In one section of his speech, Dias discussed the imminent end of auto assembly at GM’s Oshawa plant. He tried to pass this off as “bittersweet,” because the company, in exchange for the union imposing the closure, has said it will keep on a few hundred workers making car parts. About the more than 10,000 US autoworkers whose jobs are also being eliminated as part of the same GM “restructuring” program, Dias breathed not a word.
However, the Unifor president did find time in his address to crow over the recent GM announcement that it will lay off the third shift at its San Luis Potosi, Mexico, plant that assembles the Equinox, while “only” imposing several temporary shutdowns of Equinox production at its Ingersoll, Ontario, CAMI facility.
Dias and the other speakers at the Unifor convention studiously avoided making any reference to the ever-expanding UAW corruption scandal. A host of senior UAW officials, including current President Gary Jones and his immediate predecessor, Dennis Williams, have been targeted by FBI raids on the basis of allegations that they accepted millions in bribes from Big Three executives, and several top-tier UAW officials have already been convicted.
Canadian autoworkers have rightly pointed out to the WSWS Autoworker Newsletter that the very fact that the rotten and bribery tainted 2015 contracts the UAW imposed on US Detroit Three workers became the framework for those reached in Canada a year later casts a foul smell over the entire 2016 Canadian negotiations.
In 2018, Al Iacobelli, a former Fiat Chrysler Vice President with major input in negotiating what was the 2015 US auto “pattern” agreement, was sentenced to five-and-a-half years in a US prison for tax evasion and his role in greasing the palms of UAW officials.
This same Iacobelli was also one of GM Canada’s principal negotiators in the 2016 bargaining round with Unifor, which ended with agreements that further enshrined two-tier wages and slashed pensions. GM was selected by Unifor President Jerry Dias to set the “pattern” for its contracts with the Detroit Three’s Canadian subsidiaries.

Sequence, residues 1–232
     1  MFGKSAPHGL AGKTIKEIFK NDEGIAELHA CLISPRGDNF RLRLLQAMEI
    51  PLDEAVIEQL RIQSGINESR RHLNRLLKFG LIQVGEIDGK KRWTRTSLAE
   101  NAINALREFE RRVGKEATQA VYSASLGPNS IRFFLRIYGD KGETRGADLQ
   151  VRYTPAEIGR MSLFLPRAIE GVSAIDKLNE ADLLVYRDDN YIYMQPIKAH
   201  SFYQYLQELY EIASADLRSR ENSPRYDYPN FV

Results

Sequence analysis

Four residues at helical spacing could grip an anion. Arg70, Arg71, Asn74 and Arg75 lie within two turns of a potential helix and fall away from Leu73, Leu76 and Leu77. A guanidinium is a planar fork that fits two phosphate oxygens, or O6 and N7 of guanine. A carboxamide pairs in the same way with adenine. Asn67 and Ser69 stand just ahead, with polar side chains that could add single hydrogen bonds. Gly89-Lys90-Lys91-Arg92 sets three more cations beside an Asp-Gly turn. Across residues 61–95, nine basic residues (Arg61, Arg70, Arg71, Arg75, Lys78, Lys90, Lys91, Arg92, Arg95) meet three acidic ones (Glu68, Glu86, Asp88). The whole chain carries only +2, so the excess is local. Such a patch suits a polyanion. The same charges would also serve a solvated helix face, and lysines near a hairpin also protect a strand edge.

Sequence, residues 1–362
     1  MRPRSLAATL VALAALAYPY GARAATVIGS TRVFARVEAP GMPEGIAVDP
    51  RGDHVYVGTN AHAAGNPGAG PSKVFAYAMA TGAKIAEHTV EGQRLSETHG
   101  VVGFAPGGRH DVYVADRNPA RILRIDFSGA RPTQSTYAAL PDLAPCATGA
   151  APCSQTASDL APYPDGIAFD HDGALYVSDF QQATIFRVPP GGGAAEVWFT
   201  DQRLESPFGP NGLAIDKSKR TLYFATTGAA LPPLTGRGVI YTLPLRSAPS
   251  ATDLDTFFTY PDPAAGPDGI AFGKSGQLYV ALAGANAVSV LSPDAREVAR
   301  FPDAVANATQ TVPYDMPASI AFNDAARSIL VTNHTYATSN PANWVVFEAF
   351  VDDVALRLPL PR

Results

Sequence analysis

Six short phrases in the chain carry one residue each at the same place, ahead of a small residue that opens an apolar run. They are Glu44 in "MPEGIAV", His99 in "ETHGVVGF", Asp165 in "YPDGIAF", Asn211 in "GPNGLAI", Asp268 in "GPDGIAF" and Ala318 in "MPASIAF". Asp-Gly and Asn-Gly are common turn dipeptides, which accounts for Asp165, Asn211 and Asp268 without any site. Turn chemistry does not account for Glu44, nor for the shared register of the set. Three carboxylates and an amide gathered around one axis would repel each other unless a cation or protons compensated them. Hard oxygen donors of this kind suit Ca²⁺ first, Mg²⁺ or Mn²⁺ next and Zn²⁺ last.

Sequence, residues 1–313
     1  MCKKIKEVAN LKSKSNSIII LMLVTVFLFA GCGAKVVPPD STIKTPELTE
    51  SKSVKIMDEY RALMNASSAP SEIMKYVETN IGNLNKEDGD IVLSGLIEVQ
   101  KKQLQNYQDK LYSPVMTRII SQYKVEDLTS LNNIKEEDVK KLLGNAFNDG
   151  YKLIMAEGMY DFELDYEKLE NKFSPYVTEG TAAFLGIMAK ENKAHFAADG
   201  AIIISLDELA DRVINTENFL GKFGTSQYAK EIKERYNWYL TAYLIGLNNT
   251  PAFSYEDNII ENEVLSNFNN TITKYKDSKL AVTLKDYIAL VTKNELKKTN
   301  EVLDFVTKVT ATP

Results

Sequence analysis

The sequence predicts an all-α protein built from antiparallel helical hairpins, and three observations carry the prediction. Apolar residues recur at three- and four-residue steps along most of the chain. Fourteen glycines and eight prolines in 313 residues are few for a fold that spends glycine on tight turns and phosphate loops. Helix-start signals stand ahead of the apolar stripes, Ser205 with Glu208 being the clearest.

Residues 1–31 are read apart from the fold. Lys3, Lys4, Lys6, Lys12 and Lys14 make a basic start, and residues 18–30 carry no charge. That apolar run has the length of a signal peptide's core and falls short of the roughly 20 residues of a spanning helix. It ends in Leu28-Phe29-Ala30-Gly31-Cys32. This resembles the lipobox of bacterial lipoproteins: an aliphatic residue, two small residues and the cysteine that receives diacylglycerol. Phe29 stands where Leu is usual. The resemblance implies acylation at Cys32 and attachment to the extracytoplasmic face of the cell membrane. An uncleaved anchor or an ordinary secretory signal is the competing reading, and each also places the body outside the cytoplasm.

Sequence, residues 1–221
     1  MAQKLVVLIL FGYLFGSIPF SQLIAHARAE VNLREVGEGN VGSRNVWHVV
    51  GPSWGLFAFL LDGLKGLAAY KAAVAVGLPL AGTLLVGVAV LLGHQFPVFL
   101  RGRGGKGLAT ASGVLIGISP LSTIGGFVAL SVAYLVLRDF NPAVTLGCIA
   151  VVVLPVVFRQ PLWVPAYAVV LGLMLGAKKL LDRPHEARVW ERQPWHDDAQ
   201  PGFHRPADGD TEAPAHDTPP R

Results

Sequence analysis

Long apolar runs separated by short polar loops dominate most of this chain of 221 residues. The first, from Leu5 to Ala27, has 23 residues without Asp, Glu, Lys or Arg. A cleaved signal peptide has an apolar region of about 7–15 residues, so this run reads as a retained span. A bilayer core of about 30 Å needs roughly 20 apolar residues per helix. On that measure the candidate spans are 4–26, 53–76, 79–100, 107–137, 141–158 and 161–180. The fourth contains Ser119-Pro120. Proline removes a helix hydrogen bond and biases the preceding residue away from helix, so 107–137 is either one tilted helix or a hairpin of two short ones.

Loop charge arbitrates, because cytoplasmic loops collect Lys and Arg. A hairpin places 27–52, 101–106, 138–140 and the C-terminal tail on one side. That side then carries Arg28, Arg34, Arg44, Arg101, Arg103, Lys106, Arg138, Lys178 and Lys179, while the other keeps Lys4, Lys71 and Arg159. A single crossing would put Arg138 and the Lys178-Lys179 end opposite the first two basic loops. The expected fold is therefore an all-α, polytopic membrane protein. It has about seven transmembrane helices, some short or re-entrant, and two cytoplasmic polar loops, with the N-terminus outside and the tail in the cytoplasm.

Asked by the Detroit Free Press about the corruption scandal shortly after Iacobelli was indicted, Dias praised this ruthless representative of the bosses as a “professional labour executive.” “I’ve probably known Al for 15 years,” said Dias. “This is right out of left field. I never would have expected it. I’m in shock to say the least.”
When the corruption scandal broke, Dias was adamant that the “integrity” of the concessions contracts that were negotiated in 2015 by UAW officials who were pocketing company bribes should not be called into question. As the scandal has spread to engulf the top leadership of the UAW, exposing it as a veritable criminal organization, he and the Unifor have fallen deafeningly silent.
The transnational corporations have a global strategy to pit workers against each other and shift production to the lowest cost areas. This strategy is facilitated by their bought-and-paid-for servants in the UAW and Unifor, who consciously divide workers along national lines and suppress any attempt to resist the corporations’ concessions demands. If Unifor gets its way, Canadian autoworkers will sit quietly on the sidelines while the UAW-Detroit Three “partnership” rams yet another round of givebacks down the throats of their US brothers and sisters. Then, when negotiations begin in Canada a little under twelve months from now, Dias’ line will be that concessions are necessary in order to stay “competitive” and defend “Canadian jobs.”
Canadian autoworkers, including those in in the auto parts sector, should oppose and actively resist this conspiracy. They should seize the initiative by establishing rank-and-file committees in the plants to take control of their struggle out of the hands of the corrupt Unifor bureaucrats. These committees should immediately declare their support for a common fight with autoworkers in the United States, Mexico, and internationally in order to overturn the decades of concessions and secure decent-paying, permanent jobs for all.
To discuss how to prosecute such a struggle, the WSWS Autoworker Newsletter strongly urges autoworkers in Canada to participate in our next online forum on Thursday, September 5, at 7:30 p.m. EDT. Register today to join the discussion.